But, with self-aggrandizement being his real personal goal, he soon realized he was onto something big when reporters started asking for more information. He played along and became anti-communism’s most captivating spokesman. By suggestion, innuendo and diversion, McCarthy pointed his finger at labor and liberals, at America’s elite, its prominent educational institutions, and at FDR and the New Deal.

Soon, he was not the only one ruining careers and smearing reputations. Around the country, untold numbers of civil servants, schoolteachers and scientists were driven from their jobs by witch-hunts just as vicious as the Wisconsin senator’s. The hysteria included schools banning the tale of Robin Hood for its communist themes; the Cincinnati Reds changing their name to the Redlegs; and Mickey Spillane having his tough private eye going after communist subversives instead of gangsters. Jackie Robinson was called before the House Committee on Un-American Activities to testify about communism’s influence in the black community. Even Hollywood had its own “blacklist” of writers, directors and actors.

Only when McCarthy challenged the character of President Truman’s Secretary of Defense George Marshall did his public opinion begin to sour.

There were plenty of communist agents or sympathizers in America, but it is unlikely that McCarthy or his followers ever found any. What they did was exploit the vulnerability of frightened or insecure people by simplifying complex international developments into language that tapped into cultural divisions. McCarthy helped them find someone to blame.

Fortunately, it didn’t last long after the Senate censored him … twice. He died a hopeless alcoholic at age 48.

The 2005 movie Good Night, and Good Luck with David Strathairn and George Clooney does a terrific job of capturing the era of McCarthyism through the lens of TV journalist Edward R. Murrow’s experience. It’s among my top 20 favorite movies.

Intelligent Collector blogger JIM O’NEAL is an avid collector and history buff. He is president and CEO of Frito-Lay International [retired] and earlier served as chairman and CEO of PepsiCo Restaurants International [KFC Pizza Hut and Taco Bell].

Even with United Nations, War and Terrorism Persist

charter-of-the-united-nations-and-statute-of-the-international-court-of-justice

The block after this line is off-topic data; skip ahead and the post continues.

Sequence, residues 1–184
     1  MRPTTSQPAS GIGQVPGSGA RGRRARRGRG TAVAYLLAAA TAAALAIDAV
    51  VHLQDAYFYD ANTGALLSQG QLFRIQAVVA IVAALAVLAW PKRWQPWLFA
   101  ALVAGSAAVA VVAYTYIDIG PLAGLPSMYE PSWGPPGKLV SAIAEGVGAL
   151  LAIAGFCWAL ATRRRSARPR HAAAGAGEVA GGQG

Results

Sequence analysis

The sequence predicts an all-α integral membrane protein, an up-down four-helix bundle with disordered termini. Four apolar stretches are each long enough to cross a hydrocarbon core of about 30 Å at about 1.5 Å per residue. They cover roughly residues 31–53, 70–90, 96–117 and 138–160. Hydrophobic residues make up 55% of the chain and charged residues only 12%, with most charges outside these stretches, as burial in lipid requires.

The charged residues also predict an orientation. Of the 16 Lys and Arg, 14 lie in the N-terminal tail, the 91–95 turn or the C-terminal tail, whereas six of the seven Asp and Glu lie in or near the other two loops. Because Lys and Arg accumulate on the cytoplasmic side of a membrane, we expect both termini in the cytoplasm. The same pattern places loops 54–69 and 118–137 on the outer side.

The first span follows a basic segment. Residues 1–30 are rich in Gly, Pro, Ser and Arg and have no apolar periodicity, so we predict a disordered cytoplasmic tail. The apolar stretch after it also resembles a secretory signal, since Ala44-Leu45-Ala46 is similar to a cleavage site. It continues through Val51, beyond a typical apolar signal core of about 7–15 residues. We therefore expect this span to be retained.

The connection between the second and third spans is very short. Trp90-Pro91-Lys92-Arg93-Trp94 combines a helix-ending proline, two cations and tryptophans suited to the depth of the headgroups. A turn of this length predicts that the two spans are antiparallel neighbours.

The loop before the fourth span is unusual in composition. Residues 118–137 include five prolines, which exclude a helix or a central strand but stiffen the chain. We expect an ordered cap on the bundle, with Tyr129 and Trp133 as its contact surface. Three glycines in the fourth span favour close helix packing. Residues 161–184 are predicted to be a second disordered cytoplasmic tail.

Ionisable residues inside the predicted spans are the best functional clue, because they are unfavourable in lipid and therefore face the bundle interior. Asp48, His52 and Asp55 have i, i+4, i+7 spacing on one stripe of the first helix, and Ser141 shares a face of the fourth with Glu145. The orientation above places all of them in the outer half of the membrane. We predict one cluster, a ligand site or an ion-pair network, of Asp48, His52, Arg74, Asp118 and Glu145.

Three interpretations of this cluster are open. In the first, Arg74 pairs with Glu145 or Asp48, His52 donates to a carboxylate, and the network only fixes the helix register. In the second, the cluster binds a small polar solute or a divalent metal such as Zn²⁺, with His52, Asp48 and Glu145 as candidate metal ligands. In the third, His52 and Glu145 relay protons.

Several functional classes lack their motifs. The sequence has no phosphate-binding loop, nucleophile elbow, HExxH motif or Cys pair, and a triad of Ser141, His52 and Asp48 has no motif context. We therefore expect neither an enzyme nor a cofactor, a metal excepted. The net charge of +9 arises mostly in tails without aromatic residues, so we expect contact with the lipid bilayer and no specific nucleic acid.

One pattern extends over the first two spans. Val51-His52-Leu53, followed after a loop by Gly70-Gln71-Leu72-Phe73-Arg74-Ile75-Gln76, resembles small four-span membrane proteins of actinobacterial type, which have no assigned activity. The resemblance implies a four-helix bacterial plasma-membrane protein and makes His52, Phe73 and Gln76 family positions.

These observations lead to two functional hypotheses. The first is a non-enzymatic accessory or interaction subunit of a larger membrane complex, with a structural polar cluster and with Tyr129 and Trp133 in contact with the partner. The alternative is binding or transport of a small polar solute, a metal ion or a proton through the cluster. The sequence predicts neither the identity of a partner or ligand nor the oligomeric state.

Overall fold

This 1945 copy of Charter of the United Nations and Statute of the International Court of Justice, signed by John F. Kennedy, Henry Cabot Lodge and Adlai E. Stevenson, sold for $2,375 at an April 2014 auction.

“… To save succeeding generations from the scourge of war …” — From the United Nations Charter

By Jim O’Neal

Edward Stettinius, chair of the U.S. delegation to the United Nations conference in San Francisco, signed the U.N. Charter in 1945. President Harry Truman was in attendance and later signed the document by which he ratified the charter of the United Nations.

The charter established the structure of the United Nations and outlined its guiding principles to prevent war, affirm fundamental human rights, facilitate international peace and security, promote improved living standards, and support social progress and economic advancements (whew!).

The United States, Britain and the USSR were the primary designers of the decision-making structure. The General Assembly consisted of all member countries. The Security Council, which was responsible for international peace and security, originally had 11 members, six of which were elected to two-year terms. Five – the United States, Britain, USSR, France and China – were permanent members, and each had veto power on Security Council resolutions.

Disagreements based on national interests plagued the discussions at the April conference, but they did not prevent the formal U.N. formation. There was also considerable debate about the voting process and veto provisions. Finally, on June 25, the delegates unanimously adopted the charter and the next day they all signed the document.

After the permanent members of the Security Council and most other members ratified the charter, the United Nations was officially established on Oct. 24, 1945. The world had entered a new period of international collaboration determined to avoid a repeat of the two wars that had caused so much devastation in the first half of the 20th century.

Alas, these lofty aims did not last long as the Cold War soon started, followed by major conflicts in Korea, Vietnam (twice), Afghanistan, etc. When we look around the world today, it’s estimated that the United States has Special Forces in over 70 countries (at least) and ad hoc terrorism is a routine, daily occurrence in many places. A new Cold War is gradually taking shape and even nuclear proliferation is back in the news.

Maybe conflict is in our DNA.

One thing is certain. Assuming the United Nations survives, they will have plenty to do for a long time.

Jim O'NielIntelligent Collector blogger JIM O’NEAL is an avid collector and history buff. He is president and CEO of Frito-Lay International [retired] and earlier served as chairman and CEO of PepsiCo Restaurants International [KFC Pizza Hut and Taco Bell].

For President Johnson, Goal was Reached with ‘Great Society’ Legislation

lyndon-b-johnson-great-society-bill-signing-pens-from-1965
A complete set of 50 pens President Johnson used to sign “Great Society” legislation in 1965 sold for $18,750 at a November 2015 Heritage auction.